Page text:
• Shikhara in Dravida Temples: In the South Indian context, the term 'shikhara' specifically refers to the crowning element at the top of the temple, often shaped like a small stupika or an octagonal cupola, equivalent to the amlak and kalasha of North Indian temples.

Iconography and Sculptures:

  • Entrance Sculptures: Unlike North Indian temples, where the entrance might feature mithunas, Ganga, and Yamuna, Dravida temples often display sculptures of fierce dvarapalas (door-keepers) guarding the temple.
  • Temple Tanks: It is common to find a large water reservoir or temple tank enclosed within the temple complex.

Urban Architecture and Temple Towns:

  • Focus on Urban Architecture: Temples became not only religious centers but also rich administrative hubs, controlling vast areas of land in temple towns like Kanchipuram, Thanjavur, Madurai, and Kumbakonam.

Subdivisions of Dravida Temples:

  • Shapes: Dravida temples can be of various shapes, including square (kuta or caturasra), rectangular (shala or ayatasra), elliptical (gaja-prishta or vrittayata), circular (vritta), and octagonal (ashtasra).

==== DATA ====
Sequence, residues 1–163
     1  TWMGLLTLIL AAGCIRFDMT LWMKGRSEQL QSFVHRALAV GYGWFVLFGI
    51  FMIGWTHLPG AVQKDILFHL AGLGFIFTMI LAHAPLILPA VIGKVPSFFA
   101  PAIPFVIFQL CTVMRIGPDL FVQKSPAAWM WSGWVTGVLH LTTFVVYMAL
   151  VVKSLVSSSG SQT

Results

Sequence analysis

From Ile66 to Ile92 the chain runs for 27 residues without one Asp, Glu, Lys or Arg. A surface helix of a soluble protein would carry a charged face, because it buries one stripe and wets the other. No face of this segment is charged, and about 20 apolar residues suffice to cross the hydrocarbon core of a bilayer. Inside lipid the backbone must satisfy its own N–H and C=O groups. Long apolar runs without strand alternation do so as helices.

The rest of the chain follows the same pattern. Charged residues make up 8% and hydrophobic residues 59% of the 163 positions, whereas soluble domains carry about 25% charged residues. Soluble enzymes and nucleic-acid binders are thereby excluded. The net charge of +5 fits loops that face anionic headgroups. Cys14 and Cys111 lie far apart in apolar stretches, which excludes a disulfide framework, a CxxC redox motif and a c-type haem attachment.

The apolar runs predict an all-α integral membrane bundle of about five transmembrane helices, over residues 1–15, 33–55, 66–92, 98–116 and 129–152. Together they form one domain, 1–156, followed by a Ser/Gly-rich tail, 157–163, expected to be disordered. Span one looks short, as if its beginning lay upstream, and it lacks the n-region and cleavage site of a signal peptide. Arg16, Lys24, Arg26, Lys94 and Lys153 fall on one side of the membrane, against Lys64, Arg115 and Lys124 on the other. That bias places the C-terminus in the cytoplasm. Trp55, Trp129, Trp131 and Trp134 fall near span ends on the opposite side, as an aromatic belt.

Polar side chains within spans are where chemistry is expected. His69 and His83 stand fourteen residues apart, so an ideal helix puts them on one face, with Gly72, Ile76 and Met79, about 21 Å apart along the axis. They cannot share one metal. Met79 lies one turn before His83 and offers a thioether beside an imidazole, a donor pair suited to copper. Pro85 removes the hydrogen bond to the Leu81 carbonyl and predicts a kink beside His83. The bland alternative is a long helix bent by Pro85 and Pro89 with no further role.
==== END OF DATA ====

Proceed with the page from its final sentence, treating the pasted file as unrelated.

• Adaptability: The temple's plan and vimana shape were often influenced by the iconographic nature of the consecrated deity, leading to unique styles based on specific requirements.

Pallavas and Early Temples:

  • Pallavas: The Pallavas, an ancient South Indian dynasty, contributed significantly to the Dravida temple style. They were active from the second century CE onwards in the Andhra region before settling in Tamil Nadu.
  • Mahabalipuram: Early Pallava buildings, like those in Mahabalipuram, showcase rock-cut and later structural temples. Mamalla, also known as Narasimhavarman I, expanded the empire and initiated several building works at Mahabalipuram.

Shore Temple at Mahabalipuram:

  • Orientation: The Shore Temple, likely built in the reign of Narasimhavarman II, is oriented to the east facing the ocean. It houses three shrines, two to Shiva and one to Vishnu, with evidence of water tanks and early gopurams.

Brihadiswara Temple in Thanjavur:

  • Rajarajeswara Temple: Completed around 1009 by Rajaraja Chola, the Brihadiswara temple in Thanjavur is the largest and tallest of all Indian temples.
  • Scale: Standing at a massive seventy meters, the temple features a pyramidal multi-storeyed vimana topped by an octagonal dome-shaped stupika.